Among the astonishing array of jewels and gems left behind by the great Islamic empires, emeralds stand out for their size and prominence. For the Safavids, Mughals, and Ottomans, green was – as it remains for all Muslims – the colour of Paradise, reserved for the Prophet Muhammad and his descendants. Tapping a wide range of sources, Kris Lane traces the tangled web of global trading networks that funnelled emeralds from backland South America to bustling Asian capitals between the sixteenth and the eighteenth centuries. Lane reveals the vicious conquest wars and forced labour regimes that accompanied their production. It is a story of trade, but also of the human urge for wealth – how members of profoundly different societies at opposite ends of the globe assigned value to a few thousand pounds of imperfectly shiny green rocks.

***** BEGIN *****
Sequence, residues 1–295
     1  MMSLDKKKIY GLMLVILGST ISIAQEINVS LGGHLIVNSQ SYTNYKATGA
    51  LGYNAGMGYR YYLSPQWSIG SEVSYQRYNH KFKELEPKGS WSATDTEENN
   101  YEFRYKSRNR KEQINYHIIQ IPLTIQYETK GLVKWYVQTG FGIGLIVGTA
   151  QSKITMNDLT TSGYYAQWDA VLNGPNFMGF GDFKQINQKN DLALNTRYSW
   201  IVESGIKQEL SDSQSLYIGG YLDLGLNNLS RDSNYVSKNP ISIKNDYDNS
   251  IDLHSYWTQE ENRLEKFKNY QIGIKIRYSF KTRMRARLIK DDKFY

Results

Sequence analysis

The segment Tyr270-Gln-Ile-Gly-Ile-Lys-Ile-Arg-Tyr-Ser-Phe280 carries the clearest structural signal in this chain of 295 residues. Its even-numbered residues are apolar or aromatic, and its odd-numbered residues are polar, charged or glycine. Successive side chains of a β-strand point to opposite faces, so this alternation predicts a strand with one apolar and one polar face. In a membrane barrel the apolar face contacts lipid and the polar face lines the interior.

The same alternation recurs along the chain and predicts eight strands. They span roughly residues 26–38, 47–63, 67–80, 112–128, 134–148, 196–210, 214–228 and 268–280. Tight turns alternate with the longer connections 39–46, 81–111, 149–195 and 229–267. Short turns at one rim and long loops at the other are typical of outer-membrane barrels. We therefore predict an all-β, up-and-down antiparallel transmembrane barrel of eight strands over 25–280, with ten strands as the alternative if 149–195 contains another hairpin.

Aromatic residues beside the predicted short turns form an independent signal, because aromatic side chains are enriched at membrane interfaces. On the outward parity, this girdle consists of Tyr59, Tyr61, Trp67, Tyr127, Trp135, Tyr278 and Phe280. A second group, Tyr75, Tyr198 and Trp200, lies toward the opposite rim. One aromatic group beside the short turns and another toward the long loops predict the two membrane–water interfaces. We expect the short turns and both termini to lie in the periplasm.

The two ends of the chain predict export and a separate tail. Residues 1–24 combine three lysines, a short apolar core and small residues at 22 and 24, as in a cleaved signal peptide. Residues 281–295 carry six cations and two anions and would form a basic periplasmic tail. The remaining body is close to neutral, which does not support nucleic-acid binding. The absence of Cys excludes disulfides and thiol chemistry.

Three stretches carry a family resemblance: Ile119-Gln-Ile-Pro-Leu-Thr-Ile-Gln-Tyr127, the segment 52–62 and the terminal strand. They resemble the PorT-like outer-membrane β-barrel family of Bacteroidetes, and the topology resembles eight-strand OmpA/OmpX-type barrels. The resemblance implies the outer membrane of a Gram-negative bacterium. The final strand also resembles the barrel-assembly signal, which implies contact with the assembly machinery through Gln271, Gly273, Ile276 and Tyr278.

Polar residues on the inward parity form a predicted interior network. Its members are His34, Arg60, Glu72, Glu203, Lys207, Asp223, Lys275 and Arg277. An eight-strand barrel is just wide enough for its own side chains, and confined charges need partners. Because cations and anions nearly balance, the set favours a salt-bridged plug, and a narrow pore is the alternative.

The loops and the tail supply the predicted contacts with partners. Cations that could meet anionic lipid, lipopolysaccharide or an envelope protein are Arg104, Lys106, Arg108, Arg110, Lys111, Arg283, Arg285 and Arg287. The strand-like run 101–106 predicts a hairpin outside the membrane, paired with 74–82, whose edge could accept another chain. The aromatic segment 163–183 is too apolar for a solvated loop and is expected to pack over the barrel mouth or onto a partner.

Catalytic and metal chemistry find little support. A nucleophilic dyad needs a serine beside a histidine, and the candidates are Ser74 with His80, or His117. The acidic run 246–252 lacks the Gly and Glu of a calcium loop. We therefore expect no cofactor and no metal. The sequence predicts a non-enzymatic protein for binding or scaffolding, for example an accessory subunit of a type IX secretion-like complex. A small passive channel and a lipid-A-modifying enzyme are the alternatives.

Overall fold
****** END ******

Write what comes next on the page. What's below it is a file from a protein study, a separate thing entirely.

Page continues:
‘The hunger of some rulers for these vivid green gemstones was almost insatiable. The first East India Company merchant to visit the Mughal court at Agra (in 1610) noted that the Emperor Jahangir’s emeralds weighed a total of 412 pounds – whereas his collection of diamonds weighed little more than a quarter of that, even though India was then the world’s leading diamond producer.
Where had those emeralds come from? The Mughals and Persian Shahs had a three-fold classification: the very best were said to be from Egypt, the next category came from ‘old mines’ in Asia and the lowest quality came from ‘new mines’ in the Americas. But this was a fiction. Just 10 years ago, a team of mineralogists analysed the oxygen isotopes in a number of famous Mughal emeralds, and found that almost all of them were from the Americas. To be more precise, they were from the highlands of Colombia; this analysis was in fact able to identify the specific outcrops from which they had been extracted.’
From the Telegraph, April 18th